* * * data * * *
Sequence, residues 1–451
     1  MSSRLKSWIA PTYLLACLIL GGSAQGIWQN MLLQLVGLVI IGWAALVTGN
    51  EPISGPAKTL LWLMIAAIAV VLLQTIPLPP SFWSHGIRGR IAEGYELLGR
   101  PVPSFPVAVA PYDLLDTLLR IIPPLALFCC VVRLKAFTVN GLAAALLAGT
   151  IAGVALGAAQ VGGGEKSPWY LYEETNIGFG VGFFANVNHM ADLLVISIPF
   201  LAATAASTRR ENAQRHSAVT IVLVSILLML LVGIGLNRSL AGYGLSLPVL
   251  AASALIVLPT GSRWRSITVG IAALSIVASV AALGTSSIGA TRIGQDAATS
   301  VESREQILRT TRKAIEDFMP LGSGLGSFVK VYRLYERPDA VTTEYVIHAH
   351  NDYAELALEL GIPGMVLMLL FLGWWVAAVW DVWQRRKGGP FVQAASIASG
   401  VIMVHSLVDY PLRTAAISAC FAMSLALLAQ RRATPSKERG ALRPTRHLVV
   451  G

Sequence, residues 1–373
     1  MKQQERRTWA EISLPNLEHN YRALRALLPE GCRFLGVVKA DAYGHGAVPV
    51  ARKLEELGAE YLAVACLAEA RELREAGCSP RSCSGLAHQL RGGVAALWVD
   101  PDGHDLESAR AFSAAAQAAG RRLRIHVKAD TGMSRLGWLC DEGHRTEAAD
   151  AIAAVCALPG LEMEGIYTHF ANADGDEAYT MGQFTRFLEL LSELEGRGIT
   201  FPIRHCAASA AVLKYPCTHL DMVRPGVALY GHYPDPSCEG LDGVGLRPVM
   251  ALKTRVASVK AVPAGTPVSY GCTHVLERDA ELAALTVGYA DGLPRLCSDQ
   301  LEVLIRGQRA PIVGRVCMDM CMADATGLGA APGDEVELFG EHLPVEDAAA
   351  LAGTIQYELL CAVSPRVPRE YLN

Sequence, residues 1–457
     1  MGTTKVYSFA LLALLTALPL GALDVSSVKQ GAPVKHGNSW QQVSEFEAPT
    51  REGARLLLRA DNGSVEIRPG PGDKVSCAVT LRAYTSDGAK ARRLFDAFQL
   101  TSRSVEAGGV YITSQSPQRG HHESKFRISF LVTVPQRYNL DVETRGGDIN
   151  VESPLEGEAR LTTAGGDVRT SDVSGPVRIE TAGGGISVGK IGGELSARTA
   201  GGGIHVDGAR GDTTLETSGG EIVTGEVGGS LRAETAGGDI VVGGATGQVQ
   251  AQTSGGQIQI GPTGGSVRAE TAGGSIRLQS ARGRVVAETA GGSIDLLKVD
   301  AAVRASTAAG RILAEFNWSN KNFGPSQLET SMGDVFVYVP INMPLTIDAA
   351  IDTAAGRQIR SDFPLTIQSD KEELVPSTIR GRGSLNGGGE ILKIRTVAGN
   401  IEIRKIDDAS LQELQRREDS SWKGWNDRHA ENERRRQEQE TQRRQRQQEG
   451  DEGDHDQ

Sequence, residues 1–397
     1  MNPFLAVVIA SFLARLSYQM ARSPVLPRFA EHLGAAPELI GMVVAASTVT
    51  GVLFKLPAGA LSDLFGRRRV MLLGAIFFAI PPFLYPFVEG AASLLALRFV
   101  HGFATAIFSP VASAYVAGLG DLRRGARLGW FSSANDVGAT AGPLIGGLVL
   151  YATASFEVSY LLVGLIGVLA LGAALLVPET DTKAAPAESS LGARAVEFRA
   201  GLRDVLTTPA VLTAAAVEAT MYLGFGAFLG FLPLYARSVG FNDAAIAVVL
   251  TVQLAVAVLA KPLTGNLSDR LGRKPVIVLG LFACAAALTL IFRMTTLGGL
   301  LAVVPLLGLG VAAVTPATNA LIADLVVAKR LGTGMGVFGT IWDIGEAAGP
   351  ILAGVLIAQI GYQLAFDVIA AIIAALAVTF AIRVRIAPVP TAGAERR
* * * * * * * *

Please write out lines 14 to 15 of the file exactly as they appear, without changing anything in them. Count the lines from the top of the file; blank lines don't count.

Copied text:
    51  ARKLEELGAE YLAVACLAEA RELREAGCSP RSCSGLAHQL RGGVAALWVD
   101  PDGHDLESAR AFSAAAQAAG RRLRIHVKAD TGMSRLGWLC DEGHRTEAAD